Semiotic Flesh: Information and the Human Body
Editor: Phillip Thurtle, Robert Mitchell
Publisher: Seattle, WA: Walter Chapin Simpson Center for the Humanities, 2003
Review Published: December 2003
The essays and responses gathered in Semiotic Flesh: Information and the Human Body, edited by Philip Thurtle and Robert Mitchell, focus on the interpenetration of bodies and data. The starting point of the contributions is therefore the identification of a "moment" when these two notions become indistinguishable. This moment signifies the point where informational bodies are produced, lived, and embraced, in spite of the modernist dictates that would preclude the loss of the flesh/data boundary. These essays thus have in common the choice of a cultural manifestation as starting point, a move usually associated with humanities and cultural studies. This is interesting to note not only because it is an important signal to give potential readers, but also because it articulates a view of culture as text. The body as data is therefore analogical to culture as text, and so the set up of the collection is itself an important reminder of the power of decoding inscriptions, even as it problematizes this practice.
This book is the first volume of the Walter Chapin Simpson Center for the Humanities Short Studies, and represents a lecture series held at the University of Washington in early 2001. The book contains three essays, as well as three short responses, as a way of capturing some of the interaction of the lectures as dialogical events.
The introduction by Thurtle and Mitchell, conveners of the lecture series and editors of the book, points to a number of interpretations of the phrase "data made flesh." In an impressively evocative yet concise manner, they sketch the range of ways in which "information and human bodies refuse to stay on their respective sides of the conceptual wall" (1). They identify the various tensions between semiotics and embodiment, and note that the moment of transformation, the "material poesis of informatics" (2), is the focus of the texts presented in the collection. If signifying practice and embodiments are no longer clearly distinct, as the editors discuss, the tensions between these realms remain. Each of the three main contributions addresses a different version of these tensions, and problematizes the embodied/informational divide. The tensions explored can be summarized as meaning versus manipulation as values in the conceptualization of dna and consciousness; fusion of information with the body as opposed to abstraction from it; and the experience of a mindbody as proposed by artistic projects rather than a Cartesian dualism.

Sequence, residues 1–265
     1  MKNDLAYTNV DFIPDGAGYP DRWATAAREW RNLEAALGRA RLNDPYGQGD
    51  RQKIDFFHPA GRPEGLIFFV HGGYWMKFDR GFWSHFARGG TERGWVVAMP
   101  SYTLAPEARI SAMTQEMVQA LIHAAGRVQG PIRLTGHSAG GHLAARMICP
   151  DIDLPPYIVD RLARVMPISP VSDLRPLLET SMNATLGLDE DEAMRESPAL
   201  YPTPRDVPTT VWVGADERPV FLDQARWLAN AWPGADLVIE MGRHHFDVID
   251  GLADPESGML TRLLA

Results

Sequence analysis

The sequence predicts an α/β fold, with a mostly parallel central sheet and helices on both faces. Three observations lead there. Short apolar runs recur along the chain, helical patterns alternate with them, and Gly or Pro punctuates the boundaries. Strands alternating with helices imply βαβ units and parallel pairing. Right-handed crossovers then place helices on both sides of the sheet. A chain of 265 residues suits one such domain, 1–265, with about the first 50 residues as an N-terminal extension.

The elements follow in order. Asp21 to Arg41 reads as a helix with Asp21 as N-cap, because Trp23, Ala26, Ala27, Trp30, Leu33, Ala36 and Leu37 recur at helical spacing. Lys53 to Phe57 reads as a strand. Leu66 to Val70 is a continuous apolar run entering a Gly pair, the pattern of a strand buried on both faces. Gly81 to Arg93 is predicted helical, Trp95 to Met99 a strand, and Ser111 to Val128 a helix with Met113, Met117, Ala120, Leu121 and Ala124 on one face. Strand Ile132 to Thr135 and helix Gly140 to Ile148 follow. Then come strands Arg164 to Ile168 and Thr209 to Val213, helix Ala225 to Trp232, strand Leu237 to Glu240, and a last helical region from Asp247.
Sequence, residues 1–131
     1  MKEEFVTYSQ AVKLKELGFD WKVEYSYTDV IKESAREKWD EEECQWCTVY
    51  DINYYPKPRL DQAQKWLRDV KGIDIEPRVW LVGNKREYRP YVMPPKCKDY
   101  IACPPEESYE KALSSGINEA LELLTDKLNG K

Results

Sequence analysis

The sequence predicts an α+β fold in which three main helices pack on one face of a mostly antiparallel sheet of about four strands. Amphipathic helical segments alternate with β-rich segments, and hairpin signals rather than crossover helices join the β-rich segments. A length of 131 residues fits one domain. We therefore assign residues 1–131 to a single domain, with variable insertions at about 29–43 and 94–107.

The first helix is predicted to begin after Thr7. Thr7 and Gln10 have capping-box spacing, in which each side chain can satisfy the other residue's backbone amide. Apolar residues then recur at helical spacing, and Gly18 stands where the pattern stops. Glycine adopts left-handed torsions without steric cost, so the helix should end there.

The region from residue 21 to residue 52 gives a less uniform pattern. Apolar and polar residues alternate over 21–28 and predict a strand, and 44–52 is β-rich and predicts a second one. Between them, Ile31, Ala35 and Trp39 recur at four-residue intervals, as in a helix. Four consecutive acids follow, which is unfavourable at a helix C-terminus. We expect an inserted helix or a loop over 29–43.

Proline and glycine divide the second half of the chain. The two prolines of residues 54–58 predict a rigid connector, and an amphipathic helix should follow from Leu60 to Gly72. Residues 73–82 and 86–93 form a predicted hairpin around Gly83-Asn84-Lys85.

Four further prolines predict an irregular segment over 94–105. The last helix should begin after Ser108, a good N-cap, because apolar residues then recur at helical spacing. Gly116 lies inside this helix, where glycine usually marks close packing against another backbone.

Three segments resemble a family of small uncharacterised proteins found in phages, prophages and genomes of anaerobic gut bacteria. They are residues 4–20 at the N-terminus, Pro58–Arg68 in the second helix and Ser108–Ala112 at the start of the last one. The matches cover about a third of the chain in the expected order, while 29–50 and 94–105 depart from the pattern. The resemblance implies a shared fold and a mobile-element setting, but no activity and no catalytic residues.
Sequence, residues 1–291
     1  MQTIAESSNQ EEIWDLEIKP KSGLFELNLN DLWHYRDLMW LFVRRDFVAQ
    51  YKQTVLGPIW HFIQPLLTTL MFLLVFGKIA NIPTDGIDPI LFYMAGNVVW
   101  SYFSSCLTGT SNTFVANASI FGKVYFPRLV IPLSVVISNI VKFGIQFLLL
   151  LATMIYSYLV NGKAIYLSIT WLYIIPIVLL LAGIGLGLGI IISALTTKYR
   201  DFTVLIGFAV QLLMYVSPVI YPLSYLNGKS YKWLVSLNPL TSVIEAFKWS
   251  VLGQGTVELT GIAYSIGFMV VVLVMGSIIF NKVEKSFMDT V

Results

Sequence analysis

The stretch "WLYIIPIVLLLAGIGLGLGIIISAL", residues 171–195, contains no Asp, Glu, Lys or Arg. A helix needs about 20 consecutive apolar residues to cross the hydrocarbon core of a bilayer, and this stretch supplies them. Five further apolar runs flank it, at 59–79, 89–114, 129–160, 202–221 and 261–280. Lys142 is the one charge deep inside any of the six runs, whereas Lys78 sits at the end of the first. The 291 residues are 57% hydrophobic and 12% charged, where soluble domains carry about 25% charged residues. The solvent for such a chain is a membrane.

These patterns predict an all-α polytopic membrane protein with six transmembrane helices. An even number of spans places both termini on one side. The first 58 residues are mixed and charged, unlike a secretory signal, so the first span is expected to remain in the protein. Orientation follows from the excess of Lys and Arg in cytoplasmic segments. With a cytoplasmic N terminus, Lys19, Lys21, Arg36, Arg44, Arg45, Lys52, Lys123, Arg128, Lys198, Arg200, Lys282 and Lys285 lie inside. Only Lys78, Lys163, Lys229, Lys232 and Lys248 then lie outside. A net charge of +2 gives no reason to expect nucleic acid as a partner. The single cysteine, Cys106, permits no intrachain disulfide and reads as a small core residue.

Richard Doyle’s essay shows the parallel development of two types of experimentation, on consciousness and DNA. This comparison is made using cultural "motifs" that appear in both spheres of activities, and by tracing the interactions of various actors across them. The dealings of Albert Hoffman (who first synthesized LSD in 1938) with the substance are described, as he returns to the substance to investigate its potency, self-experiment, and reflect on why this substance "would not leave him alone." Doyle juxtaposes to this an account of Kary Mullis’ invention of PCR, a technique that has been at the center of the biotech revolution. Doyle describes how these two sets of experimentations and applications increasingly focused on the notion of manipulation (replicating code, recreating experiences), rather than on the discovery of their (secret or private) meaning. The implications of this theme in relation to dna are further discussed in his recent book, Wetwares (2003). As the body as DNA comes to be seen as data, so consciousness comes to be seen as something to be programmed and manipulated in the course of self-experimentation with LSD. Doyle shows these parallels by comparing writings of participants in these contemporary endeavors. LSD was presented as a way of decomposing, experimenting with consciousness, as DNA was with life. To tell the stories of hallucinations, DNA and RNA were key characters, and the narratives about nucleic acids, as programmable, also became part of the ways of describing and scienticizing LSD sessions.
The parallel telling of these stories would be intriguing enough, but Doyle further shows how the trajectories of these endeavors are entwined through the biographies of the main actors and through cultural motifs that recur in both tales. For example, the production of texts that were meant to structure, or program, the hallucinatory experience focused on motifs of translation, in which dna imagery figured prominently. The understandings of expansion, dislocation, and the practices of replication and programming were operative in the two spheres -- parallel moves that reorder consciousness and life.